Narrow your focus, get better results
In 2018, Frank Slootman, CEO of Snowflake, said:
“The fastest way to move a dial is to narrow the focus. People naturally resist focus because they can’t decide what is important. Therein lies a problem: people can typically tell you after some deliberation what their top three priorities are, but they struggle to decide on just one. They may also be incorrect about their priorities, so there is potential for misallocation of resources. What is too much and what is too little focus? Do you ever even discuss this? Most teams are not focused enough. I rarely encountered a team that employed too narrow an aperture. It goes against our human grain. People like to boil oceans. Just knowing that can be to your advantage.”
Frank hit the nail on the head. Many organizations fail to be purposeful with their strategy and products.
SaaS companies often fall victim to this dilemma. It is increasingly common to see SaaS firms juggling too many offerings, implementing “me-too” features, and ultimately trying to satisfy too many customers. While this may seem to provide more value to a wider audience, it often creates complexity and higher churn. Instead, narrowing the focus can provide clarity.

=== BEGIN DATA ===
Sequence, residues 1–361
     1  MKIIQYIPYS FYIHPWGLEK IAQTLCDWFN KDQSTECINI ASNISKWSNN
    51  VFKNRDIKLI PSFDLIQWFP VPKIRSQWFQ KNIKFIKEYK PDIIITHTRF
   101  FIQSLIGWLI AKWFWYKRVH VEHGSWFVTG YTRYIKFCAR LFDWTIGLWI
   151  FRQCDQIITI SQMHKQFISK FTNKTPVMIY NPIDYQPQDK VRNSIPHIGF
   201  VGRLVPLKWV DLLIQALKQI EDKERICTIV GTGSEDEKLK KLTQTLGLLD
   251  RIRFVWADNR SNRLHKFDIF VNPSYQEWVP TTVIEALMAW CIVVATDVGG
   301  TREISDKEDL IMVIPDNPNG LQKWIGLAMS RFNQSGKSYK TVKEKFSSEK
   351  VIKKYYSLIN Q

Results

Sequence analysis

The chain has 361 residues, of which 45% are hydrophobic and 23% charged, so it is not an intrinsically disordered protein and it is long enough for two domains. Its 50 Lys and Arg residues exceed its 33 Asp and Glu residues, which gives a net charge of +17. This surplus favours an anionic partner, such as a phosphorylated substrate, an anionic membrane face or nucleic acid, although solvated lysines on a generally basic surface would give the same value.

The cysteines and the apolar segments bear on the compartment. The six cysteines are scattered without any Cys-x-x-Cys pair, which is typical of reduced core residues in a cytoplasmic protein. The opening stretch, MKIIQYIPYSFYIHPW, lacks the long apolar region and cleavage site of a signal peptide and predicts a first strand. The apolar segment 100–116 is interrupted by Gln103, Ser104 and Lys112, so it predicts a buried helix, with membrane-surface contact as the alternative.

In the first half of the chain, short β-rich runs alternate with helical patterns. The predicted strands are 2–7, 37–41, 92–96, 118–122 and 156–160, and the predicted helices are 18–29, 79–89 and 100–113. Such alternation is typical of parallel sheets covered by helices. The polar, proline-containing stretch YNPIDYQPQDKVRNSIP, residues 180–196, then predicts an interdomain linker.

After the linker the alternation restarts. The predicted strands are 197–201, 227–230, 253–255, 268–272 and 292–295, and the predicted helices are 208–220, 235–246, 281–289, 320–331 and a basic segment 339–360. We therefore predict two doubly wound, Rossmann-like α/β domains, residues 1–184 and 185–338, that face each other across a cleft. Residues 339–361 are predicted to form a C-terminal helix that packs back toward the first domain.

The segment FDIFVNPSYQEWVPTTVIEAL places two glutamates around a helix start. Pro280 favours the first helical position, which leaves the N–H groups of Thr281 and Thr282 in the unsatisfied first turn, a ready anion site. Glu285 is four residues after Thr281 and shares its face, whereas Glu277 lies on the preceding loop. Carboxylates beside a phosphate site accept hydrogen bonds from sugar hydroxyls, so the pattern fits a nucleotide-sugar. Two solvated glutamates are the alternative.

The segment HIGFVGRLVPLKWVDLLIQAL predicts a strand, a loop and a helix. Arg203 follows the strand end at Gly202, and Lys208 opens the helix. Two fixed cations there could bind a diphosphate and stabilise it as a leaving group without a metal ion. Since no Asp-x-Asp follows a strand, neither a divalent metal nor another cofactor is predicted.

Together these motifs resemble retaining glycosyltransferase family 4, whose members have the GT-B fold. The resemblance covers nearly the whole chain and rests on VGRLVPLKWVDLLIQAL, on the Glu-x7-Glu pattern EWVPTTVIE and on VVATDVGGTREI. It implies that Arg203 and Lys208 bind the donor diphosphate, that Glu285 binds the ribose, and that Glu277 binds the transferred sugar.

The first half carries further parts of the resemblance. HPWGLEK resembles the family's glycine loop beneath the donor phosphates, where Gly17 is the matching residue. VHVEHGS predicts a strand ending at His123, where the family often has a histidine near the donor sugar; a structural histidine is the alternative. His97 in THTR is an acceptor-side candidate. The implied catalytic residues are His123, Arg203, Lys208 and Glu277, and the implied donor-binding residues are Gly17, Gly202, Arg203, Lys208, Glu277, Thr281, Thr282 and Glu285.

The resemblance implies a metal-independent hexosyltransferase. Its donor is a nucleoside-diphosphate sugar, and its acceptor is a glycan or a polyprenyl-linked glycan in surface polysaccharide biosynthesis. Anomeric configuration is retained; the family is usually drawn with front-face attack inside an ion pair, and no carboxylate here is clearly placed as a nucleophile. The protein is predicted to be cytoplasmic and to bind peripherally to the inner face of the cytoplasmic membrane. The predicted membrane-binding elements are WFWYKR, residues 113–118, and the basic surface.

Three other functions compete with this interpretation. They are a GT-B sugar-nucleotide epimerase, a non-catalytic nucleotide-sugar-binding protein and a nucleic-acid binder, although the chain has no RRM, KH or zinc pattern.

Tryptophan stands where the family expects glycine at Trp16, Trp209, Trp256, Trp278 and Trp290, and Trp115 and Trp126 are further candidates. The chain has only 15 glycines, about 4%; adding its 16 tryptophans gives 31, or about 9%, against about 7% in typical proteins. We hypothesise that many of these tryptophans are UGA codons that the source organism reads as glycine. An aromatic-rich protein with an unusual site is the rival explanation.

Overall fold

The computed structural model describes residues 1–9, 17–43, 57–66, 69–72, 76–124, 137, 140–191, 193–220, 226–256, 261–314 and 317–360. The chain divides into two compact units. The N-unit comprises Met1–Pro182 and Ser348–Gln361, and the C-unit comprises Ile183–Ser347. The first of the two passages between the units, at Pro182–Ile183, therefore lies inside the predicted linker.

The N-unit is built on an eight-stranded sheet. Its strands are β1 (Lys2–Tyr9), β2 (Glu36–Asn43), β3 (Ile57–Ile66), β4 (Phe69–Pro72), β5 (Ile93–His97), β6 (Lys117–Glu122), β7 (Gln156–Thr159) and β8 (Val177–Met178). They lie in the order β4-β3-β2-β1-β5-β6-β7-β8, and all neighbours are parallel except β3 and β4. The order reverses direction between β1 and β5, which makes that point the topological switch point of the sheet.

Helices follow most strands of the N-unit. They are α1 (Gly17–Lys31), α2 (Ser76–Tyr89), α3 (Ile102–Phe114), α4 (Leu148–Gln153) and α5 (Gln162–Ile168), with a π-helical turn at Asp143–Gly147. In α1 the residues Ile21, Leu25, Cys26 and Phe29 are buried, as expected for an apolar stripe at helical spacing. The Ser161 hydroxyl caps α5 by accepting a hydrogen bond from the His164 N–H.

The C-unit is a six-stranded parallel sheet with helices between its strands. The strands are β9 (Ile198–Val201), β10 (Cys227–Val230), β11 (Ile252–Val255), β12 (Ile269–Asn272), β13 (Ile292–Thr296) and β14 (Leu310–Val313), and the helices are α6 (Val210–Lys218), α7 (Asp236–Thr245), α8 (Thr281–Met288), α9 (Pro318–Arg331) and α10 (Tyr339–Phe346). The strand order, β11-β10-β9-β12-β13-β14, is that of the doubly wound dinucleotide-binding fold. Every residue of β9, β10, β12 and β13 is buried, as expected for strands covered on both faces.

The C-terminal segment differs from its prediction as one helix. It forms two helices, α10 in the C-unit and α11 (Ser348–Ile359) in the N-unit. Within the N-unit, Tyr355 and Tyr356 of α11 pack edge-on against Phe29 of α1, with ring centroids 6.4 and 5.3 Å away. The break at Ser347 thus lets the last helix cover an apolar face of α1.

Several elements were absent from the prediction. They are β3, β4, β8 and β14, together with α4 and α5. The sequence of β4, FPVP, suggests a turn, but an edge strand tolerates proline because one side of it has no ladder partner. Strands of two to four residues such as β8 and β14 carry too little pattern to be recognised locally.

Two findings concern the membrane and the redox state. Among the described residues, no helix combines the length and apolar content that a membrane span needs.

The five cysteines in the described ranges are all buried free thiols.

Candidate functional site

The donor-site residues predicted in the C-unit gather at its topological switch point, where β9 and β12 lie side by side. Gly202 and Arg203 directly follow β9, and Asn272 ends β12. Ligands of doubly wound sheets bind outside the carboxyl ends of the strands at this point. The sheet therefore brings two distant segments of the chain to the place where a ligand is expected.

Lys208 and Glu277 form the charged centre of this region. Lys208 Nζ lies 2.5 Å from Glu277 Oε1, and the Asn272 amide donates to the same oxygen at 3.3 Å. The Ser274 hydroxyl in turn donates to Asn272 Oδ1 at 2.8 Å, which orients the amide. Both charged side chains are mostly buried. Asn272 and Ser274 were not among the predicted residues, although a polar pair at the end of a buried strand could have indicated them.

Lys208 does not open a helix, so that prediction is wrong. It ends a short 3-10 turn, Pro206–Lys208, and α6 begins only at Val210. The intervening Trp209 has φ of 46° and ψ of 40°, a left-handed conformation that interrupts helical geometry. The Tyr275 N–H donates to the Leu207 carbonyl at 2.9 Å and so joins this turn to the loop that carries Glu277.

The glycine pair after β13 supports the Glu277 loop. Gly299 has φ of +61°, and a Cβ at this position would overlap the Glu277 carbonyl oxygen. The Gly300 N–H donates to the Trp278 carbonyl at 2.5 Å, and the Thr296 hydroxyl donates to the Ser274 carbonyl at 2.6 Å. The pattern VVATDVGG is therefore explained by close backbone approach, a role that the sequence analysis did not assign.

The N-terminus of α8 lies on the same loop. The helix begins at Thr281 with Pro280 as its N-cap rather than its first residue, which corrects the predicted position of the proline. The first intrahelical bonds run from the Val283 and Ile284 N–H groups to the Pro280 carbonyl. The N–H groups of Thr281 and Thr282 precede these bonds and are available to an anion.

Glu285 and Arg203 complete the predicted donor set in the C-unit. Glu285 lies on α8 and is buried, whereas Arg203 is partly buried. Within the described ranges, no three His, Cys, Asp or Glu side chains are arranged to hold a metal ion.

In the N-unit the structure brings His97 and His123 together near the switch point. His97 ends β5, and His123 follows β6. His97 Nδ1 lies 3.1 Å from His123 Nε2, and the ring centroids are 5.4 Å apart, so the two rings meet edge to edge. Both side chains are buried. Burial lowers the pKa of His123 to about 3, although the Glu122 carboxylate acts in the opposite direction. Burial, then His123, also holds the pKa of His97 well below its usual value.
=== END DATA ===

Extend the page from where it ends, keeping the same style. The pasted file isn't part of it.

One customer archetype served well consistently can have marvelous results. The ability to segment your prospective customer base will lead to a deeper understanding of their individual needs, and provide the framework to create a tailored and sticky solution. This is how lifelong customers are made.
Organizations that do it all, often end up doing nothing and become mediocre at everything. Avoid searching a mile wide and an inch deep.
When evaluating your current product line, ask simple questions. Who does my product serve within an organization? Which organizations are these? What use-case do I tackle? Do I tackle too many things? Does my product have too many distractions?
Is my product easy to use for that particular customer? How much instruction is required for the customer to become adept with the product? What makes my product so effective for this customer?
The goal is to simplify and be lean. Invest in the most powerful features. Increase your resources on the priority.
Being able to say “no” to proposals that do not have a straight-line relationship with your mission is essential. Do fewer things that will translate into the greatest customer success.
Clarify your product roadmap and watch the results come.
- We would like to thank Frank’s comments on LinkedIn for his inspiration.
This article was a collaboration between Archit Bhise and Sebastian Duluc.